In an article going around in the newspapers recently, the Nationals have been talking about the grandfathers of their party—wonderful people: Fadden, Sinclair and McEwen. The last person mentioned in that article was John Anderson, and he left in 2007 after signing, with John Howard and Rob Borbidge, the policies that stole farmers' property rights in New South Wales and Queensland.

On energy policies, the Liberal-Nationals and the Labor Party are implementing the same policies as Trent Zimmerman in the lower house here—woke Liberal-Nationals. Property rights are basically Greens policy. John Howard sold them—no, he didn't sell them, he stole them. His government stole them. The Howard-Turnbull Water Act 2007 destroyed water policy in this country. We went from being the best to being the worst. That's not my view; that's an international expert's view. Look at the specifics: the dairy bill, and Defence land being stolen until Senator Hanson and I jumped in. On the Bradfield Scheme, today we heard the reality. We heard Senator Duniam say that Deb Frecklington was in favour of elements of the Bradfield Scheme.

Senator Hanson cares; she gets the data. Senator Hanson cares; she speaks out. Senator Hanson cares; she steps up.

Thomas Jefferson said you can have farms without cities but you cannot have cities without farms. That is still correct. That's why One Nation focuses on property rights. We want restoration of compensation. We focus on water—getting the Murray Darling Basin Authority under control—and eliminating, getting rid of, the Water Act 2007. On the Bradfield Scheme: we want to tie water back to the land. Energy: competitive federalism will deliver us cheap power. We need to get back to compliance with our Constitution. Coal-fired power, hydro power; on taxation, tax multinationals and reform the tax system. On small business: protect small business. Reduce immigration to net zero. And free up freedom of speech.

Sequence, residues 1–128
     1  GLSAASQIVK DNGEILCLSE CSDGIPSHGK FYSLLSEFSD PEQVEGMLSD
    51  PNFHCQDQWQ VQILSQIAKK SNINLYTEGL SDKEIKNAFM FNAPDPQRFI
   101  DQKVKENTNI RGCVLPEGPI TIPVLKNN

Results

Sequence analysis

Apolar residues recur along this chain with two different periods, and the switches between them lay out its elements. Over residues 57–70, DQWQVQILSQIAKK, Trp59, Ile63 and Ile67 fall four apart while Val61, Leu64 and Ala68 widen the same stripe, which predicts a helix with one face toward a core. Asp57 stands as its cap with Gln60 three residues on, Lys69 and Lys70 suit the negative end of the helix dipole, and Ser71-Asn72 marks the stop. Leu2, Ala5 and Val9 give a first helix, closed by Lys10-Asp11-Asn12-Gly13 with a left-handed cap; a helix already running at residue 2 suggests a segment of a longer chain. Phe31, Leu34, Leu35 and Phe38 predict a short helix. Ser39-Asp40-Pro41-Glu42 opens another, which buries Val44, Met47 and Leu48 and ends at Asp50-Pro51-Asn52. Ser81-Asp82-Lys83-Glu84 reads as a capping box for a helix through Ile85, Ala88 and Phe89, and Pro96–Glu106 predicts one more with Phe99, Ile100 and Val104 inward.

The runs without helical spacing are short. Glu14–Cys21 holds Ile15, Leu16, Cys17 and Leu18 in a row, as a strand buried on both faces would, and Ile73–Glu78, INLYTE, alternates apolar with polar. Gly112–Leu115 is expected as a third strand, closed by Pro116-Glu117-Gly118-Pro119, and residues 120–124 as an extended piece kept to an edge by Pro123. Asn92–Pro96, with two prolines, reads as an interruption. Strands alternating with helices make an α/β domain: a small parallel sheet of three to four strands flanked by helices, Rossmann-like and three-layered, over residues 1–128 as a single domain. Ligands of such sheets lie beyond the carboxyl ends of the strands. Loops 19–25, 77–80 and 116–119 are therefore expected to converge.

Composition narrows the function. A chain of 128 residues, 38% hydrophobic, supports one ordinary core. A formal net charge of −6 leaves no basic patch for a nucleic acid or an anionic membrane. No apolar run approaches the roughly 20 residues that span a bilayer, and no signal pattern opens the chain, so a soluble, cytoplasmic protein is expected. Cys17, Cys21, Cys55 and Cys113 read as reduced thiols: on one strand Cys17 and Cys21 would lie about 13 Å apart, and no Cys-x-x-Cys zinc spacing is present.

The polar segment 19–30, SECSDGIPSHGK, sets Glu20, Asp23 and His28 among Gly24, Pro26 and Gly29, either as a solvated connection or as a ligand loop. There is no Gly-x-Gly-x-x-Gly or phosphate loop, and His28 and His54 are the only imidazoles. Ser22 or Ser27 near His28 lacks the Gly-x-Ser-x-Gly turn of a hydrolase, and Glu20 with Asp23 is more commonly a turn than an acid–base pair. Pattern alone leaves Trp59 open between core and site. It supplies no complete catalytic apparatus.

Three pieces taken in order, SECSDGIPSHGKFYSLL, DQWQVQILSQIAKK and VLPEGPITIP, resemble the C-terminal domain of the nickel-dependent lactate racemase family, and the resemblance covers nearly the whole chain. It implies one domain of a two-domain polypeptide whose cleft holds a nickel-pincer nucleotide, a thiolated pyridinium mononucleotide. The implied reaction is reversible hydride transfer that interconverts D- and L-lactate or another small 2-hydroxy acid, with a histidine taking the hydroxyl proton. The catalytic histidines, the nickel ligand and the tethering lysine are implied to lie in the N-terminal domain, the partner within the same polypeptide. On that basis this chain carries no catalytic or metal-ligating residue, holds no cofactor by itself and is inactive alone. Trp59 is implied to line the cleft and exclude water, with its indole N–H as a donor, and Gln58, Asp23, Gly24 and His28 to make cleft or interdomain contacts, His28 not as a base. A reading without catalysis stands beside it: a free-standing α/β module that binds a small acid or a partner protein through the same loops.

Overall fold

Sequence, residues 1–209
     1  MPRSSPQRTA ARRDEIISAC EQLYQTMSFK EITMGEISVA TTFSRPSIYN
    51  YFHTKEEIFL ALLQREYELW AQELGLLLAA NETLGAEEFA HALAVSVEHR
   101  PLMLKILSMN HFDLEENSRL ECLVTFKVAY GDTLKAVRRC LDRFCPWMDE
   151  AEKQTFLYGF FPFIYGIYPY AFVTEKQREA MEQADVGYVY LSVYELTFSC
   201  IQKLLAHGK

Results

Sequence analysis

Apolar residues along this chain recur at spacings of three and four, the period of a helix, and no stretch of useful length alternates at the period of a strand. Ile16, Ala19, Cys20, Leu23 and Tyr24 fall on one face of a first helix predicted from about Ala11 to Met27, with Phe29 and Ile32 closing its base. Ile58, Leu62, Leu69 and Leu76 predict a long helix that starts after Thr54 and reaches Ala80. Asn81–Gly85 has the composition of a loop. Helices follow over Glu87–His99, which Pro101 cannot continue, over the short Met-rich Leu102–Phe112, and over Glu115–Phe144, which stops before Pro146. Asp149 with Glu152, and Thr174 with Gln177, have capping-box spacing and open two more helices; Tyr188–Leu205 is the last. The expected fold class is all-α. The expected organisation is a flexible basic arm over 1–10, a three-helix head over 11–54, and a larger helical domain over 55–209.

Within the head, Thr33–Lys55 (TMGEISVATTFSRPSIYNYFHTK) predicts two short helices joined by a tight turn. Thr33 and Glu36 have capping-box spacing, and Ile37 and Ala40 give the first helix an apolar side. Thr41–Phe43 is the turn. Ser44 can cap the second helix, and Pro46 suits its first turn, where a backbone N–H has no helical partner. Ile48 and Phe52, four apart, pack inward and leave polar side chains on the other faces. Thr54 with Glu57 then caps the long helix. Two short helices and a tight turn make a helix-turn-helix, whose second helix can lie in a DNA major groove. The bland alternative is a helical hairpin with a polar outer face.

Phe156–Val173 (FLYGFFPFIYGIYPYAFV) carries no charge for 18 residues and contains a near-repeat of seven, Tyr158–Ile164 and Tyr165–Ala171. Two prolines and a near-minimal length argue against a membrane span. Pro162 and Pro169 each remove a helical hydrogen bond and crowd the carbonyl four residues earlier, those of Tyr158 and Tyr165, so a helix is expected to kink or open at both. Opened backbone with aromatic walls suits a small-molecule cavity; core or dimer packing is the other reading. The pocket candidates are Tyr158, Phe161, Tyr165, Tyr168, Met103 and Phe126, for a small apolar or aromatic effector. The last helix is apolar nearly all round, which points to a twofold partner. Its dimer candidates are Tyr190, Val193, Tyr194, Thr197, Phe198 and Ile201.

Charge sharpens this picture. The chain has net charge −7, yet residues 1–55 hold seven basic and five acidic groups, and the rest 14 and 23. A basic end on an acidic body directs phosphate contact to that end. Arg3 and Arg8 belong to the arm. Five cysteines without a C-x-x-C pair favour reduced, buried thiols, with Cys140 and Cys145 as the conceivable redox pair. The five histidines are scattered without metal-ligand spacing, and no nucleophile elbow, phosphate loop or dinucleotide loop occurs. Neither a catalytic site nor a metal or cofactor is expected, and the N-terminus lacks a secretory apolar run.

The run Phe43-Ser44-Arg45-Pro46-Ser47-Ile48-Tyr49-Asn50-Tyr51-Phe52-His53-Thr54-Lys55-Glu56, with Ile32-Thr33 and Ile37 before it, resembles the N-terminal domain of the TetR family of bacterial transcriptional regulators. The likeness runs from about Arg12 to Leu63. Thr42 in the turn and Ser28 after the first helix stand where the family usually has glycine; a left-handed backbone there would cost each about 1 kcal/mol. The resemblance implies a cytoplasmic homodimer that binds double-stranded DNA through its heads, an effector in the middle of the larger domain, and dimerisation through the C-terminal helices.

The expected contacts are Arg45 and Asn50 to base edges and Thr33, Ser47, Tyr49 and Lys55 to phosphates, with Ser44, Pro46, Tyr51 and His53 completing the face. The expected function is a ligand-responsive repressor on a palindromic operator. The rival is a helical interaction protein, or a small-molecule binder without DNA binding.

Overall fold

The real issue in this country is control versus freedom. This parliament is about controlling people. One Nation pushes to restore freedom. The bigger picture: our keys are cost of living, which is affecting the standard of living; quality of living, which is about security; and future living, which is about infrastructure. We need to do all three of these things, but we also need strong governance and the restoration of our sovereignty. We need truth and to have governments serving the people, not stealing from the people. We need to restore personal rights and freedoms. One Nation believes that government's duty is to provide the business environment for investment that brings employment that is favourable to the people of this country instead of serving political careers. That requires serving the people, that requires courage and truth, and that requires strength of character.

Senate adjourned at 22 : 17